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“Is Your Safety Incentive Program In Compliance With OSHA’s Interpretation?”

Video Courtesy of Comedy Central®

Safety incentive programs have long been used by organizations worldwide to promote safe working conditions and encourage safety at the workplace. But a recent memorandum by David Michaels, Assistant Secretary of Labor for the Occupational Safety and Health Administration (OSHA), states that “Section 11(c) of the OSH Act prohibits an employer from discriminating against an employee because the employee reports an injury or illness. Reporting a work-related injury or illness is a core employee right, and retaliating against a worker for reporting an injury or illness is illegal discrimination under section 11(c).”

This has raised a big question in the minds of Safety Managers whether to continue, modify or abandon their Safety Incentive Programs. After this memo, OSHA will be closely monitoring the safety programs that reward the lowest number of accidents reported. In a 2013 news article a former TVA Engineering Safety Manager was sentenced to 78 months in prison for deliberately falsifying workplace injury records to collect safety bonuses of over $2.5 million from the (TVA) Tennessee Valley Authority, a U.S. government corporation. There is a thin line between an effective incentive program and a misleading reward program which encourages workers to hide injuries.

Consider the following 10 tips to make your safety program OSHA compliant and more effective.

  1. First, a safety program should be behavior-based rather than being injury-rate-based. It means employers should provide incentives to workers practicing safe operating procedures and practices instead of incentivizing schemes based on a number of accidents.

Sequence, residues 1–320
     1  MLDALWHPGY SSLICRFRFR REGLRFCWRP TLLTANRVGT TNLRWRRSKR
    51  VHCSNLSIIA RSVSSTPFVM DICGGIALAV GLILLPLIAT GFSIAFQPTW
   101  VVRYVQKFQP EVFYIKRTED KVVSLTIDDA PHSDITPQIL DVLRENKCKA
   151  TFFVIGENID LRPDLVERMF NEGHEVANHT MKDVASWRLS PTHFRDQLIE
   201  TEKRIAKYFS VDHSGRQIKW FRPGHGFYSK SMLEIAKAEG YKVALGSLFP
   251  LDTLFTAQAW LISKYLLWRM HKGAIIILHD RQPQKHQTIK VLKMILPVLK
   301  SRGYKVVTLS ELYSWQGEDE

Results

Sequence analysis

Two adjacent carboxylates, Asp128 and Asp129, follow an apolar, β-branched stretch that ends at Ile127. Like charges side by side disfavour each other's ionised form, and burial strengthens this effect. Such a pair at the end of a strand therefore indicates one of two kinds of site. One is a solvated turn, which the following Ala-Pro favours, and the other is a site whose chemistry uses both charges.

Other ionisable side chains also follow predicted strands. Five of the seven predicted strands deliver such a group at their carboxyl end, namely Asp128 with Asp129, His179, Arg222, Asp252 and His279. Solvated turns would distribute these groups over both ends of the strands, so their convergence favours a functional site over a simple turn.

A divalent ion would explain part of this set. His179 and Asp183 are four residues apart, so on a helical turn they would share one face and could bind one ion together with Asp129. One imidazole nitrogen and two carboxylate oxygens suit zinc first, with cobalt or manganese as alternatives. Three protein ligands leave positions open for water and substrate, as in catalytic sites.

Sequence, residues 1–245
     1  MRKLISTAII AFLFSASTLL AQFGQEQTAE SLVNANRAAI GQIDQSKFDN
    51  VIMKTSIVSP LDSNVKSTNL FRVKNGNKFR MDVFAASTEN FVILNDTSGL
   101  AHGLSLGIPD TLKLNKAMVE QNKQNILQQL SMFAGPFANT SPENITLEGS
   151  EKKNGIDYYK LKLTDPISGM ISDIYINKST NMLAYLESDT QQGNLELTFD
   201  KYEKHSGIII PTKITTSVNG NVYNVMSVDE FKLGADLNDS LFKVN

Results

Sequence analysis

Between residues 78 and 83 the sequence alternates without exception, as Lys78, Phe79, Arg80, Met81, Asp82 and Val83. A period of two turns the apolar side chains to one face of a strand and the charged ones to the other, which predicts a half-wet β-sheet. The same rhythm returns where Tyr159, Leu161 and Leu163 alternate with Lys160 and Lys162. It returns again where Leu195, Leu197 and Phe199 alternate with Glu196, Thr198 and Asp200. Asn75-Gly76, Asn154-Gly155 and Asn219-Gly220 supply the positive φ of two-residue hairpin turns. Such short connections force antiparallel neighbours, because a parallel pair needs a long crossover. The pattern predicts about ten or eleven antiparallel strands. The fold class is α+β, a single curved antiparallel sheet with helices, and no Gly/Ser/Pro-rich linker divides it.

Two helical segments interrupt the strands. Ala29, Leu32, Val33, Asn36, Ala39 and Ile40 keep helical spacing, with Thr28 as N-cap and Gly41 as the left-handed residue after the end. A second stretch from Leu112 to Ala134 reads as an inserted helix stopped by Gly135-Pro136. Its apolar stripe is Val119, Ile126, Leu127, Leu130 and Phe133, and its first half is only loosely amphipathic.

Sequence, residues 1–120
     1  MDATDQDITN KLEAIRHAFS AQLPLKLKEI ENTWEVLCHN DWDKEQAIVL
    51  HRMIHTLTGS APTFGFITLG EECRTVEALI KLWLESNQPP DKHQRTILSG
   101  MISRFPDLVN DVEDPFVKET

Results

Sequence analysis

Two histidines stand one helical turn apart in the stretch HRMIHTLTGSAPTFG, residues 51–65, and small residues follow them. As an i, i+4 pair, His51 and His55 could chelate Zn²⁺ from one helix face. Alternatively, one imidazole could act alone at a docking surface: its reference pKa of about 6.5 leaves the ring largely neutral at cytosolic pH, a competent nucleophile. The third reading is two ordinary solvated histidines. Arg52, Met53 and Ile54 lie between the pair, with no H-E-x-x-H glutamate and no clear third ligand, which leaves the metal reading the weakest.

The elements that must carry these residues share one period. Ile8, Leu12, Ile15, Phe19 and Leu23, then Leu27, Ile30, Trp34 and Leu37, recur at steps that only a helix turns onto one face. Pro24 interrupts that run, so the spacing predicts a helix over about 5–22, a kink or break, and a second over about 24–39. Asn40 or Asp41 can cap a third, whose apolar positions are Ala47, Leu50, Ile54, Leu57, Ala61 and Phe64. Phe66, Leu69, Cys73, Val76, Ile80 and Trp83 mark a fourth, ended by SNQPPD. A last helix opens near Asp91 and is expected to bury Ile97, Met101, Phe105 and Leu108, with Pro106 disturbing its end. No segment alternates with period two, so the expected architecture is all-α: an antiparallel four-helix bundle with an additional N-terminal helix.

2. Reporting near miss, hazardous behavior should be focused which will prevent future occurrences of accidents. (Leading vs. Lagging Indicators)
  3. Praise and recognize employees through top management in a timely manner and in front of others to acknowledge their safe behavior and encourage others to follow suit.
  4. Avoid monetary reward for safety programs and use other awarding methods such as gift cards or certificates, days off, safety pins and recognition boards.
  5. Reward employees for a wide variety of safety activities such as providing safety suggestions, guiding a co-worker with a safe operating procedure or identifying hazards or participating in Safety committees.
  6. Involve employees in a dynamic safety program which encourages them to take part in periodic activities such as presenting tool box talks, teaching training classes and participating or performing safety audits.
  7. Include workers in safety committees and meetings, and encourage them to think of ways to prevent accidents and perform root cause analysis. Open communication between managers and workers will ensure a safety conscious work environment.
  8. Ensure management commitment by demonstrating that the organization’s leaders care about safety, by having leaders give presentations.
  9. Establish safety as a core value of the company. Believe that all injuries are preventable, and near misses should be reported.
  10. Allow employees to set safety goals for themselves. This will motivate them to ensure their own safety and work towards achieving them.

Adopting these suggestions will surely empower your safety program, minimizing incidents and at the same time prevent OSHA violations.

Just be sure to remain aware of the changing OSHA regulatory status under the new administration. Things may be changing rapidly soon.

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